Photo Credit © Shutterstock Images

Want to learn new ways to make extra money?

Join the family to get updates from us and tons of cool freebies:

Our number one goal at DollarSprout is to help readers improve their financial lives, and we regularly partner with companies that share that same vision. Some of the links in this post may be from our partners. Here’s how we make money.

Money Market vs. CDIf you’re saving up for a big purchase such as a dream vacation, new home, or even just a grocery-getter car, money market accounts and CDs are two great tools to help you get there.

They’re both readily available at banks and credit unions, and they both generally offer higher interest rates than a savings account. Depending on your savings goals, however, one might be a better choice for you than the other. Choosing the wrong one could result in extra fees and more time to reach your goal.

Fortunately, deciding between a money market account and a certificate of deposit doesn’t have to be complicated.

See Also: Best Online Savings Accounts (Including APYs)

Money Market vs. CD

What is a Money Market Account?

Money market accounts are common staples of financial institutions like banks and credit unions. They’re a great choice for a lot of people, but it’s important to understand how they work.

Money Market Definition

Normally, banks and credit unions get the money to pay you interest on your savings account from the interest they charge on loans. With a money market account, that money instead comes from other sources of income — namely, relatively safe investment products.

That’s why many banks offer higher interest rates on money market accounts; they earn interest on your savings. In turn, they share some of that income with you too.

Another advantage of money market accounts is the ability to write checks just like you would with a checking account. However, this account is a hybrid of checking and savings, meaning it has features of each.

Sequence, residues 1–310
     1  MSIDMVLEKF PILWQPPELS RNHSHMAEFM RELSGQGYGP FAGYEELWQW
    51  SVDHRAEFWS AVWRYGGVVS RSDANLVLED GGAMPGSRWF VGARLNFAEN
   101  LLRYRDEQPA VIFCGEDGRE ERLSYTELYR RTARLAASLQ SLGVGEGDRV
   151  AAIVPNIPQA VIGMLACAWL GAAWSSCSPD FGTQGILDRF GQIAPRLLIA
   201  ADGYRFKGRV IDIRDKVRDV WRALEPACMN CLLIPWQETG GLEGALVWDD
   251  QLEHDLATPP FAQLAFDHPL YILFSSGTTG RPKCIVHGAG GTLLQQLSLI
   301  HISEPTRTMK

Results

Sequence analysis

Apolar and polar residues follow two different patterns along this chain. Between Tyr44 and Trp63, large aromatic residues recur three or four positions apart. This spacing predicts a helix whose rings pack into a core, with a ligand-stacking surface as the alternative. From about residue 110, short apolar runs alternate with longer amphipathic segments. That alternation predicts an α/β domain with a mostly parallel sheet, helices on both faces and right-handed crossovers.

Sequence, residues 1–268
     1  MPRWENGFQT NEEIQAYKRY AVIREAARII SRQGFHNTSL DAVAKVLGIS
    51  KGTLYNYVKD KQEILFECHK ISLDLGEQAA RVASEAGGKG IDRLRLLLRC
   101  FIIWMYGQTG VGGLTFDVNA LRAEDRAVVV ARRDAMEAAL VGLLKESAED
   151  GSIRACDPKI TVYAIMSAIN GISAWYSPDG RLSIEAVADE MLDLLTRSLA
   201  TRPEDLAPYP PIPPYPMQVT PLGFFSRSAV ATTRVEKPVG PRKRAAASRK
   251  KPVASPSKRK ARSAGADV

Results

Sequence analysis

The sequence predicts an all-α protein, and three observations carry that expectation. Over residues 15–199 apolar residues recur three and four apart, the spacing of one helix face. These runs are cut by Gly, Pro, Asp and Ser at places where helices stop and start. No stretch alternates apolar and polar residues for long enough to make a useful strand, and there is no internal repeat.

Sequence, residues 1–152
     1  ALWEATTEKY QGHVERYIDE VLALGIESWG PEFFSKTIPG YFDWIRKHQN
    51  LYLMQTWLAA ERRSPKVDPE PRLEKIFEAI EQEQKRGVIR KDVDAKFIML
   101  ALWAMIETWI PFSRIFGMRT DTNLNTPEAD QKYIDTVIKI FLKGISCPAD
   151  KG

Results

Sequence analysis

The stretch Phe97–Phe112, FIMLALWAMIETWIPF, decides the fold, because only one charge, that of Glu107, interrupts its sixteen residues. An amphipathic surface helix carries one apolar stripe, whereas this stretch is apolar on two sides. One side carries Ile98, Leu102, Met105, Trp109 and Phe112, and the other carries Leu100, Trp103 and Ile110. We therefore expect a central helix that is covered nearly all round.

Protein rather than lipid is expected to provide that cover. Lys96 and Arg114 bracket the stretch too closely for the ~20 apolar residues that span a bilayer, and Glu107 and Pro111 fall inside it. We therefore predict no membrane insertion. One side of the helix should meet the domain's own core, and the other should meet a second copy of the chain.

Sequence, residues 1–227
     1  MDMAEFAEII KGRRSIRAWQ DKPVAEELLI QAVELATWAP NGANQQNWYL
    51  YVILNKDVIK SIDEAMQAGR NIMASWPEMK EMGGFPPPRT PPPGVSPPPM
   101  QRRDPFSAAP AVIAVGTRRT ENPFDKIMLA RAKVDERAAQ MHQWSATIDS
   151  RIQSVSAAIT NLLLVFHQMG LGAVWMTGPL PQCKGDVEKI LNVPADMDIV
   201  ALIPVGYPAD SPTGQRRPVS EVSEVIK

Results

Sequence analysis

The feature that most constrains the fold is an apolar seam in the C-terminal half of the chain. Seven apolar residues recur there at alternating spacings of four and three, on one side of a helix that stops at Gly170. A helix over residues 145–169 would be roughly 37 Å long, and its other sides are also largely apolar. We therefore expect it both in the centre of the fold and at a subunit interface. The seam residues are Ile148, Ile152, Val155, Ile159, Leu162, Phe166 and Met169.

Namely, the six-withdrawal limit for savings accounts still applies to a money market account. Aside from ATM and in-person withdrawals, you can only make six transactions taking money out of the account per statement period.

If you go over this limit, you’ll usually have to pay a penalty fee.

When to Choose a Money Market Account

Money market accounts are a great choice if:

  • Your bank or credit union offers a higher rate on them than a normal savings account.
  • You need access to your money and cannot commit to leaving it alone for a set period of time.
  • You want to keep adding new money into your account as you earn it.

In general, most banks and credit unions offer higher interest rates for money market accounts than for savings accounts. But that’s not always the case.

It’s always a good idea to compare the interest rate offered on the two accounts at any given financial institution. If the savings account rate is higher, then it’s probably worthwhile to go with that account instead.

Assuming that the money market account does offer a higher interest rate, it’s a great choice for accounts like emergency funds. That’s because there’s no penalty for withdrawing money from the account as long as you stay under the six-withdrawal monthly limit.